Spaceport secrecy bill clears Senate, heads to House

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Dan Hicks

Heath Haussamen / NMPolitics.net

Spaceport America CEO Dan Hicks.

State senators voted 35-5 on Monday to grant greater secrecy to Spaceport America, the controversial public facility near Truth or Consequences that cost more than $200 million to build but has yet to become the hub of space tourism that its boosters promised.

Supporters say an exception in New Mexico’s open records law is necessary to attract businesses that are on the cusp of signing contracts to come to the spaceport.

“This bill will provide them the protections they need to draw in some of the biggest names in aerospace,” the bill’s sponsor, Sen. Bill Burt, R-Alamogordo, told the Senate.

He promised that New Mexicans would see a significant return on their already substantial investment within the next three years.

Critics argue that Burt’s measure, Senate Bill 98, goes too far, allowing Spaceport America’s management to shroud in secrecy basic information about their business dealings, all while taxpayers continue to foot the costs.

As the Legislature also considers increasing the facility’s budget and giving it $10 million to construct a new hangar, the vote reflected a sentiment among lawmakers that the state had already spent too much on the spaceport to see it fail. In turn, the prospect of salvaging its prospects are worth extra costs — and bending the laws, lawmakers say.

Constructed in part with bonds that the residents of Doña Ana and Sierra counties are continuing to pay off, Spaceport America opened in 2011 as the site where Virgin Galactic would launch wealthy adventurers towards the heavens in private crafts.

Those flights have yet to take off. But the private space industry is booming and several other states have been developing spaceports of their own.

Spaceport America’s backers argue that New Mexico must continue building on the site and provide some exemptions from the state’s Inspection of Public Records Act to attract other businesses to the facility. Burt said other states have changed open records laws to accommodate protective, high-tech companies.

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His bill would exempt from New Mexico’s open records law the very identify of its tenants. The bill would also exempt information “related to specific technical or business information that is proprietary and is related to the possible relocation, expansion or operation of its aerospace customers.”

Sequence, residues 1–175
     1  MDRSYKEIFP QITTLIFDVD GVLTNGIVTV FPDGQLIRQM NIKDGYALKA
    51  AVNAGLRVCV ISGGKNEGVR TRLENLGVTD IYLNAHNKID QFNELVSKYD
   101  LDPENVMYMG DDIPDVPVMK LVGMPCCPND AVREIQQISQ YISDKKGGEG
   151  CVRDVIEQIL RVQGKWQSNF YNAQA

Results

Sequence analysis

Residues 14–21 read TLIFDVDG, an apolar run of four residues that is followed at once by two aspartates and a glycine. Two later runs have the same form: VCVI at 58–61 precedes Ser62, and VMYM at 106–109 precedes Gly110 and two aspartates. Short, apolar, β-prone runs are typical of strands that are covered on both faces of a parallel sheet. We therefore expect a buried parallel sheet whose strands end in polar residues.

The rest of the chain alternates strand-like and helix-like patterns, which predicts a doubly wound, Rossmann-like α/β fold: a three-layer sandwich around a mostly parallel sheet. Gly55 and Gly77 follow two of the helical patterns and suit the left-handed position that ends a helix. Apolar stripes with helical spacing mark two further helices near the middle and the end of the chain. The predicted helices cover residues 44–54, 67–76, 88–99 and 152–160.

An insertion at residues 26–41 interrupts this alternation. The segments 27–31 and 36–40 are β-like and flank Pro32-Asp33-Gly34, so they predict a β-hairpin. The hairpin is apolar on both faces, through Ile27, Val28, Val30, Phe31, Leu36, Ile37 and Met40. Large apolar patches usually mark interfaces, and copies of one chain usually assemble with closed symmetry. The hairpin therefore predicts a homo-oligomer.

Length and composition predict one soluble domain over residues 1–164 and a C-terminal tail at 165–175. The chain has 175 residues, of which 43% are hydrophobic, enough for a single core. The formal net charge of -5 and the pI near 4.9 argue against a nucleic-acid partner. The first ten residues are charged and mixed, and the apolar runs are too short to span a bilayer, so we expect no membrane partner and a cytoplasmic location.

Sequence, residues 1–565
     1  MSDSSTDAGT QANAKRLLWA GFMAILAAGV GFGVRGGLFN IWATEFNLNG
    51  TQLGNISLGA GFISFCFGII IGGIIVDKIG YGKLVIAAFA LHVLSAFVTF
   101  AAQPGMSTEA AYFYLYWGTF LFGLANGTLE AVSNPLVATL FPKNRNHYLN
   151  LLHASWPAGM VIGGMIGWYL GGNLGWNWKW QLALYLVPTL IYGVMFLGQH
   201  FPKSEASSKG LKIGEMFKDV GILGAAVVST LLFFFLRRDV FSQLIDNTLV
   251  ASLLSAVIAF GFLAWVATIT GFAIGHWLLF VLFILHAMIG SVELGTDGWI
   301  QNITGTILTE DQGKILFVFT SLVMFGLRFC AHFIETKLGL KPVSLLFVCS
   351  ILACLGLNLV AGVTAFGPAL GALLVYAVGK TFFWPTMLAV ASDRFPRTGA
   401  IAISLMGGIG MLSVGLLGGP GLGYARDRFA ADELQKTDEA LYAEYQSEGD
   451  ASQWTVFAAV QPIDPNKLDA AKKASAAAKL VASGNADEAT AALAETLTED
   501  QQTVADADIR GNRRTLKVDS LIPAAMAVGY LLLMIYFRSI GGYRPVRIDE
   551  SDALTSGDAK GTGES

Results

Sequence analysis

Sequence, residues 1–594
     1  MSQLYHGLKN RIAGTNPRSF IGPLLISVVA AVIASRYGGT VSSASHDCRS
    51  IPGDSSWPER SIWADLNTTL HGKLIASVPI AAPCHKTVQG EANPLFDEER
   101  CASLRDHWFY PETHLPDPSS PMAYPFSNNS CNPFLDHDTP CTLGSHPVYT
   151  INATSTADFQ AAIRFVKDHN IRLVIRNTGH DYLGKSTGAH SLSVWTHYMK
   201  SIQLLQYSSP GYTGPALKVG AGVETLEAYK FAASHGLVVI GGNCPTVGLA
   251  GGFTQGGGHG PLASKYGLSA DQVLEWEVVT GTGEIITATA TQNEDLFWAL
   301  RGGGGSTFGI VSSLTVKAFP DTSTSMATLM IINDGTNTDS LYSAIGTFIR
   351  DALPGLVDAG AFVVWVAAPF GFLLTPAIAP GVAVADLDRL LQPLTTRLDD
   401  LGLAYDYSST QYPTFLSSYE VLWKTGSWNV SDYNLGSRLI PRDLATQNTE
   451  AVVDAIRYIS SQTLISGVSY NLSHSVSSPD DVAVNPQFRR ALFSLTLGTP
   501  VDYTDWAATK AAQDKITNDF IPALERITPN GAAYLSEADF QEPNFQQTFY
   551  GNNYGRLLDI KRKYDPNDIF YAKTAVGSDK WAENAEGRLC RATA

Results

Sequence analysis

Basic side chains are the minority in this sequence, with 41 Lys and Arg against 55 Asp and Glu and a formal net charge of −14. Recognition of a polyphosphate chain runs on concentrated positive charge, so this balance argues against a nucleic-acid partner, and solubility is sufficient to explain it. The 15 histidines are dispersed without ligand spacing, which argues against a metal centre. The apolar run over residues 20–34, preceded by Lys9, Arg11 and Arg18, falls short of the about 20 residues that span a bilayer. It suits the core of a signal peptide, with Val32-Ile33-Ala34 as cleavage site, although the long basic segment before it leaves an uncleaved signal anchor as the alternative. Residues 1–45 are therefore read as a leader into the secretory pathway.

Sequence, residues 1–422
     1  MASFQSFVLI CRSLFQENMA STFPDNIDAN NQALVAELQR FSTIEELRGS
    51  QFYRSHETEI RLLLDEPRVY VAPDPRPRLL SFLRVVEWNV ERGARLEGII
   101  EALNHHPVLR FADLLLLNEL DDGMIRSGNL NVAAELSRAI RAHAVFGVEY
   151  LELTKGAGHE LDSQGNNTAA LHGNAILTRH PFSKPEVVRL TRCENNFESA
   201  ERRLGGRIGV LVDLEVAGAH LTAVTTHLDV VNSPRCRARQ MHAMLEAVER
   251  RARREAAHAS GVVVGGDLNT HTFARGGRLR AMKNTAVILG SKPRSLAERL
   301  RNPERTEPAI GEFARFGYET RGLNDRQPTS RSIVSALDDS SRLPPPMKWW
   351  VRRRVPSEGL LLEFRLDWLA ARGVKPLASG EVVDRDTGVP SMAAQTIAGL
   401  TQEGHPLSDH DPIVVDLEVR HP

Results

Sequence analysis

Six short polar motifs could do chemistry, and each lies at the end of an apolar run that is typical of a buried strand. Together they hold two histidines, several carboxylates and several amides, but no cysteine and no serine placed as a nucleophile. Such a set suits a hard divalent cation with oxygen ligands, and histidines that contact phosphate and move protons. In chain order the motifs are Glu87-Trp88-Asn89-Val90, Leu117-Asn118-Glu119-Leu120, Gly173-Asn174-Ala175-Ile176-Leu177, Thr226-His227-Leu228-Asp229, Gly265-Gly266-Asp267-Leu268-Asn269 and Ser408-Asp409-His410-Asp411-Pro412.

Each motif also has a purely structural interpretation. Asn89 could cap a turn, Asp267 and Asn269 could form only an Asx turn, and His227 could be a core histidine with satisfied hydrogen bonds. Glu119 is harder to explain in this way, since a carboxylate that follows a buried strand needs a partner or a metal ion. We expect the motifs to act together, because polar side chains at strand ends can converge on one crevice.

“This bill serves to protect almost everything,” said Greg Williams, of the New Mexico Foundation for Open Government.

Williams argued this bill would go beyond secrecy laws designed for spaceports in Florida or Virginia that New Mexico regards as competitors.

“It’s clear what the legislators are struggling with is trying to balance transparency with the fact taxpayers have sunk so much money into this,” Williams said.

There is a balance, he argued, but said this bill does not strike it.

The facility has had plenty of critics.

Sen. George Muñoz, D-Gallup, had proposed just a few years ago to sell the spaceport.

And on Monday night, he still raised several concerns, arguing for example that the spaceport needs to get rid of Virgin Galactic.

But Muñoz voted for the bill, hinting the facility is close to a big development.

“This is Spaceport America’s chance to make it work. I’ve been here for 10 years and it hasn’t worked,” Muñoz said. “… If it doesn’t happen in the next two to three years, Spaceport America should be put up for sale.”

Five Democrats voted against the public records exemptions.

They were Sens. Howie Morales of Silver City, Bill Soules of Las Cruces, Clemente Sanchez of Grants, and Jacob Candelaria and Michael Padilla, both of Albuquerque.

Sen. Joseph Cervantes, D-Las Cruces, recused himself. Spaceport America has leased office space from a business that he owns.

Burt’s bill now goes to the House of Representatives with three days left in the legislative session.

Contact Andrew Oxford at (505) 986-3093 or aoxford@sfnewmexican.com. Follow him on Twitter at @andrewboxford.

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